The walk continues to Exceat where you cross the bridge and follow the footpath along the western side of the river to Alfriston. It's a super walk and very flat and easy apart from a short climb on the coastal section. The area is also a nature reserve with species-rich chalk grassland and wildflowers. Look out for wildlife which includes a variety of butterflies and wildfowl.
If you enjoy this walk then you could try the Long Man of Wilmington walk which also starts in Alfriston and takes you up to the iconic chalk figure.
|Devils Dyke||2 miles (4 km)||This circular walk explores this beautiful V-Shaped Valley near Brighton. The valley stretches for about a mile through the South Downs. It is the longest, deepest and widest 'dry valley' in the UK. The area is criss crossed with footpaths and bridleways making it an ideal location for walking and mountain biking. As well as stunning views across the south downs you will pass lovely meadows with a variety of flowers, an Iron Age Hill Fort and the remains of a Victorian funfair. In the summer months you can enjoy a sea of pink Orchids with a variety of butterflies including Adonis blue, chalkhill blue and silver spotted skipper. You can easily extend your walk by heading east onto Newtimber Hill where you will find one of the finest examples of chalk grassland in the country, ancient woodland and rare plants and flowers such as burnt orchid and juniper tree.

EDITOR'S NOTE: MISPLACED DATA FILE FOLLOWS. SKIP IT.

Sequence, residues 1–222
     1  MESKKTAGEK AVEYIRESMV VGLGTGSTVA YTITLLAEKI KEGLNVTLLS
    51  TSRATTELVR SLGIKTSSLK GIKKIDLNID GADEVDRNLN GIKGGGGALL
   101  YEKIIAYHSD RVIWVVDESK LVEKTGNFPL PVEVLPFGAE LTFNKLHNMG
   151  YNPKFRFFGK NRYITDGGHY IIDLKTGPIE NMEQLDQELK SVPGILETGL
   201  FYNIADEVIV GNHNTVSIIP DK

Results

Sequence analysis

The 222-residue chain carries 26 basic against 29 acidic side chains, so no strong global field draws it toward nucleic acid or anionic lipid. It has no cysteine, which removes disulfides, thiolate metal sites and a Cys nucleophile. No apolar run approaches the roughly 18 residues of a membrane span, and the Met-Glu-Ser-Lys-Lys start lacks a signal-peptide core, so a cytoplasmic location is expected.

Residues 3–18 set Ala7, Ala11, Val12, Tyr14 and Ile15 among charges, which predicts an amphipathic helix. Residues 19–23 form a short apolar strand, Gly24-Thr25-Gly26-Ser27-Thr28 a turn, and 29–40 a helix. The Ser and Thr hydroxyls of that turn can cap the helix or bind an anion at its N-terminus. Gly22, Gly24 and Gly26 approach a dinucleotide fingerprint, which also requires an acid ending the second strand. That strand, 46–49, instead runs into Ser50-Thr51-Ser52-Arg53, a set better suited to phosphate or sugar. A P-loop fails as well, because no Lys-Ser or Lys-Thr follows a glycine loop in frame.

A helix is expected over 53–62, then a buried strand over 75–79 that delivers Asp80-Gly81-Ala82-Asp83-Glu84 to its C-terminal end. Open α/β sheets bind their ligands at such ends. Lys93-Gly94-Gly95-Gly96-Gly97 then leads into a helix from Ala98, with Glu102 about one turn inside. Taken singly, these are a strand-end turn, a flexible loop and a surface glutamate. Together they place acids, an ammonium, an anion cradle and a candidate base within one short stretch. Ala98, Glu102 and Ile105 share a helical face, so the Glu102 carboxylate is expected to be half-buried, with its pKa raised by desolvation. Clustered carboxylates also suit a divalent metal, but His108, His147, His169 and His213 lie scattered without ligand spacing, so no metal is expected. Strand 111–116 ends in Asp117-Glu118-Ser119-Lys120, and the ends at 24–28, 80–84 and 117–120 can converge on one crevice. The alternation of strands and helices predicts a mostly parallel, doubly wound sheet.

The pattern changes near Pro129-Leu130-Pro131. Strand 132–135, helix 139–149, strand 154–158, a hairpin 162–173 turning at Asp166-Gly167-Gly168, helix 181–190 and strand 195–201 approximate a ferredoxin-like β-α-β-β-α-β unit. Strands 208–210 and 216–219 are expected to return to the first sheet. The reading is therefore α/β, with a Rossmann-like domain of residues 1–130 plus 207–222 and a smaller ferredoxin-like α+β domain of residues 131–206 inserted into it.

Also on the route is the Devils Dyke Pub where you can have some lunch while enjoying some wonderful views.|